Are these blue chip ASX stocks losing their defensive advantages?

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Some investors place their portfolios in the consumer staples, utilities, and healthcare sectors in an actual or perceived bear market.

The underlying idea is that companies in these sectors should continue their strong operations even if the rest of the economy is struggling. It’s because they sell products that people can’t live without.

It would therefore be logical to assume that these defensive sectors would outperform the others in today’s volatile environment. But you would come to the wrong conclusion.

In fact, the S&P/ASX 200 Utilities Index (ASX:XUJ) was one of the worst performing sectors over the past month, posting a loss of 9.77%.

To complicate matters further, the S&P/ASX 200 Core Consumer Index (ASX:XSJ) also performed poorly, down 8.38% over the same period.

So, have blue chip defensive stocks started to fade? Let’s investigate by covering the highlights of these companies.

Woolworths Group Ltd (ASX: WOW)

Woolworths shares are down 10.23% over the past month. My colleague Fool Cathryn noted that the iconic Australian supermarket chain was challenged by supply chain and operational disruptions in FY22, which came amid a decline in its earnings before interest and tax (EBIT) reported for that year.

However, according to analysts at Goldman Sachs, Woollies could be turning things around. The investment bank just gave Woollies a Buy rating and raised its price target to $44.10.

Analysts said in a brokerage note yesterday:

Despite the weaker revenue environment, we believe WOW’s COVID cost reduction, Cartology’s strong growth as well as careful execution will result in an increased EBIT margin.

Coles Group Ltd (ASX: COL)

Coles shares have underperformed the Woollies over the past month, falling 13.68% at the time of writing. The supermarket received mixed coverage from analysts during this period, earning both an upgrade and a downgrade in its share price.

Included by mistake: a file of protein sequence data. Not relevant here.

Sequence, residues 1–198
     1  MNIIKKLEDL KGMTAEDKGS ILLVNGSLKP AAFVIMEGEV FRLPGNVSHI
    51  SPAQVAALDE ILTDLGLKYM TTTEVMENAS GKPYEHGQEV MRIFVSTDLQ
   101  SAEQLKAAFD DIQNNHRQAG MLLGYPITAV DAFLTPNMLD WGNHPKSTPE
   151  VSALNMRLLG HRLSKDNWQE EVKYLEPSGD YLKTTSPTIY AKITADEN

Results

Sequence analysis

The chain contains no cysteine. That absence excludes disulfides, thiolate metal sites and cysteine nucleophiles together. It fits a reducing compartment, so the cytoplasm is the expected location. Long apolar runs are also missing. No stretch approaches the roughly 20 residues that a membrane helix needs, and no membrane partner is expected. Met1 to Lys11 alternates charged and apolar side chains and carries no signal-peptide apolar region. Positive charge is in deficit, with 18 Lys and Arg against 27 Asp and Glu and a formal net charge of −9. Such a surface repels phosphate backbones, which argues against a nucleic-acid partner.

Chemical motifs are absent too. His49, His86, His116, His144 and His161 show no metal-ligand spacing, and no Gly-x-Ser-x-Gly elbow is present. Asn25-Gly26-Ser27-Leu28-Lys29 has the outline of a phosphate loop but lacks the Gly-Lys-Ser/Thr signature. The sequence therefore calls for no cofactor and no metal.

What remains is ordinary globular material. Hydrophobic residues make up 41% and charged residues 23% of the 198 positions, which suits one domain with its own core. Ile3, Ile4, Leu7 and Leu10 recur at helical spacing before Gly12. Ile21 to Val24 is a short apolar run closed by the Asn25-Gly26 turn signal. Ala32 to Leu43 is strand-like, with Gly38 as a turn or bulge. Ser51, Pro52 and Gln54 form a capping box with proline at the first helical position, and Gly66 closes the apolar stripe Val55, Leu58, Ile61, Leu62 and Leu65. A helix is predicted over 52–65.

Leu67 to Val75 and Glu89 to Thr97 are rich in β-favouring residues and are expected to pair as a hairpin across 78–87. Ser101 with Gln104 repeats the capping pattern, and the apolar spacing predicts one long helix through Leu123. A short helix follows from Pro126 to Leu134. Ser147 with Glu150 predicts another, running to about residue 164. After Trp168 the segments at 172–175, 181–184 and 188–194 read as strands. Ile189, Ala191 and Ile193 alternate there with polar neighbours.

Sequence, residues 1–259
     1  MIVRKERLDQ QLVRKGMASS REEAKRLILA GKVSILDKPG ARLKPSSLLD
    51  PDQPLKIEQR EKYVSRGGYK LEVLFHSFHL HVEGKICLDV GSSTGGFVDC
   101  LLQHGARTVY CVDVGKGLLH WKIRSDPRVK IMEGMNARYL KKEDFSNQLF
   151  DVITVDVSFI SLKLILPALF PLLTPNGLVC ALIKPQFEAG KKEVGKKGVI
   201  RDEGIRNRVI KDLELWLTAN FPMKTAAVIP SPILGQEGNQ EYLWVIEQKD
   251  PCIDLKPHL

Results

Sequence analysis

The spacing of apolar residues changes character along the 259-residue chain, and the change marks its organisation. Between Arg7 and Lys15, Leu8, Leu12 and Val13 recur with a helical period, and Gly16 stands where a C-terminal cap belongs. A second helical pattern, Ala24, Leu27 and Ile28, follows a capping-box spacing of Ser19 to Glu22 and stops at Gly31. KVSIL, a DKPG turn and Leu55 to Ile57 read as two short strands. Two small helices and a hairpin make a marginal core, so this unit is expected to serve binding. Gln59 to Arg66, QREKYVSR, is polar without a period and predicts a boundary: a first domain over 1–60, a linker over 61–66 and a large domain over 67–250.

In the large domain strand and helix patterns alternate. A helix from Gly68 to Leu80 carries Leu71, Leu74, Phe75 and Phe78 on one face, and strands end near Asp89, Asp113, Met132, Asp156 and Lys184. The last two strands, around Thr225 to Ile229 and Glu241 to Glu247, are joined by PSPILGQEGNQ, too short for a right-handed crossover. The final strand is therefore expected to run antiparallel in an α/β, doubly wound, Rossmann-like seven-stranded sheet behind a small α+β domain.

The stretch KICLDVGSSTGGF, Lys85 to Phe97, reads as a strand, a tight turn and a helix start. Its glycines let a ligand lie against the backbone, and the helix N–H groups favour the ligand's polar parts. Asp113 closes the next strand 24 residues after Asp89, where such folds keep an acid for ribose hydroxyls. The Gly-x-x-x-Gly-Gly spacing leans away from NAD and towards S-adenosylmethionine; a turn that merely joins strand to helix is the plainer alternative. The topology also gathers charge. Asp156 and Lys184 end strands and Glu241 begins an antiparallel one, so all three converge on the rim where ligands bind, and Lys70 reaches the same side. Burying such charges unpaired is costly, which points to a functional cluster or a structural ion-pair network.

On September 6, a Citi broker said Coles would benefit from food inflation as prices rise. The bank has a price target of $20.10 for shares of the supermarket, which is expected to reach that level over the next 12 months.

The broker said:

Food inflation will significantly benefit supermarkets while operating costs are expected to remain below overall inflation, which will benefit margins.

Tough news arrived Sept. 14 in the form of a brokerage rating from Goldman Sachs, lowering its rating on Coles shares to a sell and reducing its price target to $15.60.

Goldman explained its position with the following:

Downgrade COL from neutral to sell with a new TP of A$15.60/sh, implying a 9.5% share price decline due to a delay in digital transformation, resulting in losses market share and entering a high investment cycle for digital and supply chain, putting pressure on margins in fiscal year 23/24.

Origin Energy Ltd (ASX: ORG)

Moving on to utilities, Origin’s stock price is currently down 3.48% over the past month. There was a lot of bad news for the energy producer, including analysis that it could be a “zombie company” with an interest coverage ratio of less than one and high debt.

Origin has also come under pressure to reduce its emissions. HESTA, a $68 billion Australian pension fund, has placed Origin and others on watch, saying that if they fail to address climate risks, they could be eliminated from the fund’s portfolio.

But the challenges for Origin began before the start of last month, with the company announcing a loss of $1.4 billion for fiscal year 22 on August 18.

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